Wired-GOV Newswire (news from other organisations)
Citizens Advice responds to CMA care home investigation update
Citizens Advice has welcomed the initial findings from the Competition and Markets Authority (CMA) investigation into the care homes market and called for stronger consumer protections to be considered where existing rules are not providing the right cover.
The CMA has found that people are struggling to make decisions about care and complaints procedures in the market are not functioning well. It has also opened a consumer protection case to investigate its concerns that some care homes may be breaking consumer law.
Citizens Advice called for the CMA to investigate the care home market after its research found people were getting shock bills, having as little as a week’s notice about fees going up, and paying deposits that they were offered no protection for.
Chief Executive of Citizens Advice, Gillian Guy, said:
“Older people and their families are suffering unnecessary distress and financial pressure due to gaps in consumer protection in the care home market.
“Our research shows that people are exposed to problems such as shock fee hikes and hidden charges. Those who complain about problems with a care home too often find the process is complex, slow and ultimately dissatisfying.
“We also found people are struggling to make decisions about care homes - they have little time to consider their options and often do not get the right information and support from providers and authorities.
“It’s good that the CMA has identified the need for improvements in how complaints are handled in the care home market and that people need better information and support when making decisions.
“The CMA is right to look at consumer protections and should seek to strengthen these where existing rules are not providing the right cover, including the notice period for fee increases and protections for people’s deposits.”
Previous research from Citizens Advice found:
1 in 10 care homes give only a week’s notice to bill-payers that their fees are going to rise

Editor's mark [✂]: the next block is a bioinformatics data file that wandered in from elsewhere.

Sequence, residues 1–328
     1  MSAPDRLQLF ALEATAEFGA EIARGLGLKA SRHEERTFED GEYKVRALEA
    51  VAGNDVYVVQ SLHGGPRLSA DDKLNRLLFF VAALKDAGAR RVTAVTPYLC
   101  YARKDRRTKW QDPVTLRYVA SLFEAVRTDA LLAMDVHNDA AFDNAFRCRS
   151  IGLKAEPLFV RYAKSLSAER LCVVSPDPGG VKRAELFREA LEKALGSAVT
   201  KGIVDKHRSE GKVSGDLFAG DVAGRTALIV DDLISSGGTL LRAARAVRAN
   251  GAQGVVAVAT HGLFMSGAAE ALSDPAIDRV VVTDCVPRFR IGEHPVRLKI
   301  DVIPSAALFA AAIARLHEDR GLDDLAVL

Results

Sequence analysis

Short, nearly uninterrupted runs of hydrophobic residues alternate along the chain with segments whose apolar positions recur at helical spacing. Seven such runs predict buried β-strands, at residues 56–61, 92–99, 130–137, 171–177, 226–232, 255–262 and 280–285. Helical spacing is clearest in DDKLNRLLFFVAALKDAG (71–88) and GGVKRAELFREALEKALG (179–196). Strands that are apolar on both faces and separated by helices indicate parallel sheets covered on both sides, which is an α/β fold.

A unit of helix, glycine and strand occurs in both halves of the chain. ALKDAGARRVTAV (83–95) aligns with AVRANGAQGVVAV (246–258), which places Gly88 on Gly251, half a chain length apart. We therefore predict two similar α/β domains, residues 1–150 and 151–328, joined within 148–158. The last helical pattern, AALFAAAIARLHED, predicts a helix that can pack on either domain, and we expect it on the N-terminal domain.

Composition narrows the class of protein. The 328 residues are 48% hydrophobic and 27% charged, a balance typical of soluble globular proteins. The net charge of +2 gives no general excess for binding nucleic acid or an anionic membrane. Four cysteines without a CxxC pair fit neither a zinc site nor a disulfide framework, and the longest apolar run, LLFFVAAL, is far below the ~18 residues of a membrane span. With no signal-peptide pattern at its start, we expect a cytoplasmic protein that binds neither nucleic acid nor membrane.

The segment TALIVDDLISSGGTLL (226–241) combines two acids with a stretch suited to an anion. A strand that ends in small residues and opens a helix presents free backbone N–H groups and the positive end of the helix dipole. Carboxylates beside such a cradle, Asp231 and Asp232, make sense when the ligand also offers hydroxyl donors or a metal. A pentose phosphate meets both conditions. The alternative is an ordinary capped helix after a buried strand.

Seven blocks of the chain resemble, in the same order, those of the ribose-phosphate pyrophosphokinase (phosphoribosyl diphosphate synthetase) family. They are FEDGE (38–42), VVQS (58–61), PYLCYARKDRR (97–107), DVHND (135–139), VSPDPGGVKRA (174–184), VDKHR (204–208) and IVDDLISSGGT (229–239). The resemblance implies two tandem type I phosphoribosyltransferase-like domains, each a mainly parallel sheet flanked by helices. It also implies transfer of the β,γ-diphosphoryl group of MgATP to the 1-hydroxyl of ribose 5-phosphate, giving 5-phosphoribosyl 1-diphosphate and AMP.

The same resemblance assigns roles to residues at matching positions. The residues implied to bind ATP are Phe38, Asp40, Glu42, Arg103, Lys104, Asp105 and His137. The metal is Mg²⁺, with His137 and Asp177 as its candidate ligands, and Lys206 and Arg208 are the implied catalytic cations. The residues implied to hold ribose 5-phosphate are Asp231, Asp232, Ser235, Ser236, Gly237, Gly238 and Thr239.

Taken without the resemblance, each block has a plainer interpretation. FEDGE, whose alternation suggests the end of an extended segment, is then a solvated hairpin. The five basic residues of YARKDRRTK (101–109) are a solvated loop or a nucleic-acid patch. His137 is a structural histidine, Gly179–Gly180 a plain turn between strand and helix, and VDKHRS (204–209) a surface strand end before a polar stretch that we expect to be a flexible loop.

1 in 5 people with family in a care home have been hit by a shock bill
Over a third put down a deposit despite there being no deposit protection scheme
Almost half of people who make a complaint about social care are extremely or quite dissatisfied with the outcome of their complaint, and nearly a fifth give up altogether.
People are having to make decisions about moving a loved one into a care home in a short amount of time - for 55% the process took a month but for 8% it took just a week
Notes to editors
- The Citizens Advice service comprises a network of local Citizens Advice, all of which are independent charities, the Citizens Advice consumer service and national charity Citizens Advice. Together we help people resolve their money, legal and other problems by providing information and advice and by influencing policymakers. For more see the Citizens Advice website.
- The advice provided by the Citizens Advice service is free, independent, confidential and impartial, and available to everyone regardless of race, gender, disability, sexual orientation, religion, age or nationality.
- To get advice online or find your local Citizens Advice in England and Wales, visit citizensadvice.org.uk
- You can get consumer advice from the Citizens Advice consumer service on 03454 04 05 06 or 03454 04 05 05 for Welsh language speakers.
- Local Citizens Advice in England and Wales advised 2.5 million clients on 6.2 million problems in 2014/15. For full service statistics see our publication Advice trends.
- Citizens Advice service staff are supported by more than 21,000 trained volunteers, working at over 2,500 service outlets across England and Wales.
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